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    (Original post by Craghyrax)
    Be more specific! Politics most certainly does not cling onto outdated theoretical models. It is very firmly grounded in ongoing empirical research, and I have absolutely no problem at all telling people why Politics and Sociology are important for understanding the world and developing policy.
    was meant mostly in jest.

    Fine, I'll be more specific - politicians never stop to question their assumptions. Or if they are fully aware of what their assumptions are.

    Don't care how recent your research or models are. The accusation I would level is that insufficient criticism is made of the assumptions you make in creating them and interpreting the findings, and that these assumptions often go unstated.
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    (Original post by The Mr Z)
    was meant mostly in jest.

    Fine, I'll be more specific - politicians never stop to question their assumptions. Or if they are fully aware of what their assumptions are.

    Don't care how recent your research or models are. The accusation I would level is that insufficient criticism is made of the assumptions you make in creating them and interpreting the findings, and that these assumptions often go unstated.
    Wait. You're comparing politicians to researchers in Social and Political Sciences?


    :toofunny:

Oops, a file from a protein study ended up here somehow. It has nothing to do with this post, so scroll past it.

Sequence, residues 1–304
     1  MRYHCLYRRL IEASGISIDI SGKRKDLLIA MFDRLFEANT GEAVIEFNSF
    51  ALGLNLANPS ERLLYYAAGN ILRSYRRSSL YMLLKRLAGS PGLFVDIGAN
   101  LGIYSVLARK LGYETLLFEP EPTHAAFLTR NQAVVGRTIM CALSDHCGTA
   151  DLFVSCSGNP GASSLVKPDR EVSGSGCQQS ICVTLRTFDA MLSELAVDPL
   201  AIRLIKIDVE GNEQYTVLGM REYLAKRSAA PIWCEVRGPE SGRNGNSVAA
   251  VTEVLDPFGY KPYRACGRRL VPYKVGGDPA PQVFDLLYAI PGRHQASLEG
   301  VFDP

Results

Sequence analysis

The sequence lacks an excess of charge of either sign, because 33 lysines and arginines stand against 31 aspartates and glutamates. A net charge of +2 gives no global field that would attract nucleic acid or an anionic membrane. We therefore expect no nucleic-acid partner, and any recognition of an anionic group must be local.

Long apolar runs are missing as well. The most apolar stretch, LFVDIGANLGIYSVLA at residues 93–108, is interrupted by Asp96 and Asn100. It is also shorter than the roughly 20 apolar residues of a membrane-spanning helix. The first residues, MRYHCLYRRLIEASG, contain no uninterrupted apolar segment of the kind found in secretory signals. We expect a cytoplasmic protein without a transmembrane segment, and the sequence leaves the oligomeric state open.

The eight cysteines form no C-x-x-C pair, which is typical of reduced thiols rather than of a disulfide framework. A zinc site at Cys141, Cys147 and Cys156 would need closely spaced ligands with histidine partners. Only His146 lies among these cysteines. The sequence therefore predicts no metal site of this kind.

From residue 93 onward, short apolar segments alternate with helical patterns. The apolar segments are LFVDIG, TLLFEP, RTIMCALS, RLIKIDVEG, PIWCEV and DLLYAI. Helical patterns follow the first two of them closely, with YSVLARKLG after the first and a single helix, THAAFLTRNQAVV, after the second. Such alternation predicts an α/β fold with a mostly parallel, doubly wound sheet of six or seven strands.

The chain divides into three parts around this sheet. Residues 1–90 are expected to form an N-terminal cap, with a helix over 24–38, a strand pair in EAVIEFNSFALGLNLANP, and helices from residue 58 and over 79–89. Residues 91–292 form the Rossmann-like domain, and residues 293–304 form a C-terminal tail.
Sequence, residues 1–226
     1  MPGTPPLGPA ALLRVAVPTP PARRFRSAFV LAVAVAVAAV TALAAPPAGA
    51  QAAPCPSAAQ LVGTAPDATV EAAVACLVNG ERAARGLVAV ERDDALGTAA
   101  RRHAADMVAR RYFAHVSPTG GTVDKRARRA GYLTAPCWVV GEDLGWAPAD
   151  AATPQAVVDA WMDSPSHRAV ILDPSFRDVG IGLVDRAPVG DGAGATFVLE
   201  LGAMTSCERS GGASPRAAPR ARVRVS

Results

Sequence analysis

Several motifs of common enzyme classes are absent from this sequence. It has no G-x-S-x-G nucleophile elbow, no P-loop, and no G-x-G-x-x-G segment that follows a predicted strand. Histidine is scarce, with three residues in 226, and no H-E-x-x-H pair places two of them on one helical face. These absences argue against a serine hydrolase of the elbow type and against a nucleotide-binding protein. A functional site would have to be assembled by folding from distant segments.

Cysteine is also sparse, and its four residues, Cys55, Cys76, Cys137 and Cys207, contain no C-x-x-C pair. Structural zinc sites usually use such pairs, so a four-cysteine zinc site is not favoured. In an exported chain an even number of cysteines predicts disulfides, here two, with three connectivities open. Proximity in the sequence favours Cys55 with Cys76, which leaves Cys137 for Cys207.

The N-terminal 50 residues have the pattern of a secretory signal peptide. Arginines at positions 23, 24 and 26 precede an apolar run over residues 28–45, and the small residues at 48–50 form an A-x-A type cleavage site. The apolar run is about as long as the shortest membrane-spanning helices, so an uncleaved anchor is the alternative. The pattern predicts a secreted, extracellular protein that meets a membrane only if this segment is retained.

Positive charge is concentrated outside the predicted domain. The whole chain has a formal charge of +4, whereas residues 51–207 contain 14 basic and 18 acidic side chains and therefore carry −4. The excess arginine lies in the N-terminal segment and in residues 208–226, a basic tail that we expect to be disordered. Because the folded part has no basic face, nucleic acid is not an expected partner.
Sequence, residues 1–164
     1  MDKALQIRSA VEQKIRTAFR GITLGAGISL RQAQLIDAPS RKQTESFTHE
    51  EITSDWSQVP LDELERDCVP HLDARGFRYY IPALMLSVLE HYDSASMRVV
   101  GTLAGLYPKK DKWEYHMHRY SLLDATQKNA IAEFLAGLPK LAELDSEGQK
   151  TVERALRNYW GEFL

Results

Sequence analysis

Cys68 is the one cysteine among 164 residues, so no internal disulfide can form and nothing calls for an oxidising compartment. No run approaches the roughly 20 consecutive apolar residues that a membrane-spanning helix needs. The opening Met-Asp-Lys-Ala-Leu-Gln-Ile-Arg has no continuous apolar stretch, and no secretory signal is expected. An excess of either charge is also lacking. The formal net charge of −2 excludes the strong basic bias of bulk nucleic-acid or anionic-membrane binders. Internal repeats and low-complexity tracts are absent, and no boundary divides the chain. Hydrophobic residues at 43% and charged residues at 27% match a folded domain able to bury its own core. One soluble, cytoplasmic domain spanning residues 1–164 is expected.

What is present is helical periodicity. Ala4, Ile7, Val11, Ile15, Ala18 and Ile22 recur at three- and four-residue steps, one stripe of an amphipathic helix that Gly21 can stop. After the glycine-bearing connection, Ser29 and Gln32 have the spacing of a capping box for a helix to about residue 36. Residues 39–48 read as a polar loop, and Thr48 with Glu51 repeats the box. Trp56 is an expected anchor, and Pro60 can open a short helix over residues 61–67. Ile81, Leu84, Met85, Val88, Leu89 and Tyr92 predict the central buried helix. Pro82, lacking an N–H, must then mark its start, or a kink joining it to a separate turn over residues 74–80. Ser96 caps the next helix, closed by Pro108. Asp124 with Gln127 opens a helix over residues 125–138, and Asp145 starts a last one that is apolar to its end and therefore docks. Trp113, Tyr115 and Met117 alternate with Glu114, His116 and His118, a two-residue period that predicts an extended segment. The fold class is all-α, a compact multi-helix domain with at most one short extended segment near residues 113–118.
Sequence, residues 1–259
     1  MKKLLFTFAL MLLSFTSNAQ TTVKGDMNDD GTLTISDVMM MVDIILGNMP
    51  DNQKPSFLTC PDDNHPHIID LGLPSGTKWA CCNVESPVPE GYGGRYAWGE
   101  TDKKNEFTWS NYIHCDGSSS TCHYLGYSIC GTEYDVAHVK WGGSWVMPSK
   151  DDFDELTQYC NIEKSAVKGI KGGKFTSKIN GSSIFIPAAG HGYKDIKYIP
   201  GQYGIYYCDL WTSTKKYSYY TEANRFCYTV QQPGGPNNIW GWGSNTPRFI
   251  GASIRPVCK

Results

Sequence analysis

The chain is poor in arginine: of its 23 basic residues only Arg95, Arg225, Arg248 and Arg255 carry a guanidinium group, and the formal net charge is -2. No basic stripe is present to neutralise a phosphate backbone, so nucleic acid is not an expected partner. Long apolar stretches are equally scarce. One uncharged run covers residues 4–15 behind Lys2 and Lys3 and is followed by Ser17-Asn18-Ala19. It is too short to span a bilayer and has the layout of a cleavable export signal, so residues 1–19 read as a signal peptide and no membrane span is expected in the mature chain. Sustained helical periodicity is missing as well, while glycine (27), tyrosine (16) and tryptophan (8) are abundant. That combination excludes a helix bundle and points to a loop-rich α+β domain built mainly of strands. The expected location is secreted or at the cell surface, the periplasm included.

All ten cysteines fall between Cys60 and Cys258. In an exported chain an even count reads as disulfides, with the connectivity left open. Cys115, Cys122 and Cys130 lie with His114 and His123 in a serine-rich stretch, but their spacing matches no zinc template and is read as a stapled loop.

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    (Original post by Craghyrax)
    Wait. You're comparing politicians to researchers in Social and Political Sciences?


    :toofunny:
    Well, actually I wasn't. :cool:
    (You asked me to be more specific, I just was - researchers can do whatever they like so long as their statistical analysis is sound)

    p.s. did you just delete the post of someone who asked for advice re college choice?
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    (Original post by The Mr Z)
    Well, actually I wasn't. :cool:
    (You asked me to be more specific, I just was - researchers can do whatever they like so long as their statistical analysis is sound)

    p.s. did you just delete the post of someone who asked for advice re college choice?
    This isn't the place for those questions and he kicked off with a spam post anyway, so I should hope so.
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    (Original post by The Mr Z)
    Well, actually I wasn't. :cool:
    (You asked me to be more specific, I just was - researchers can do whatever they like so long as their statistical analysis is sound)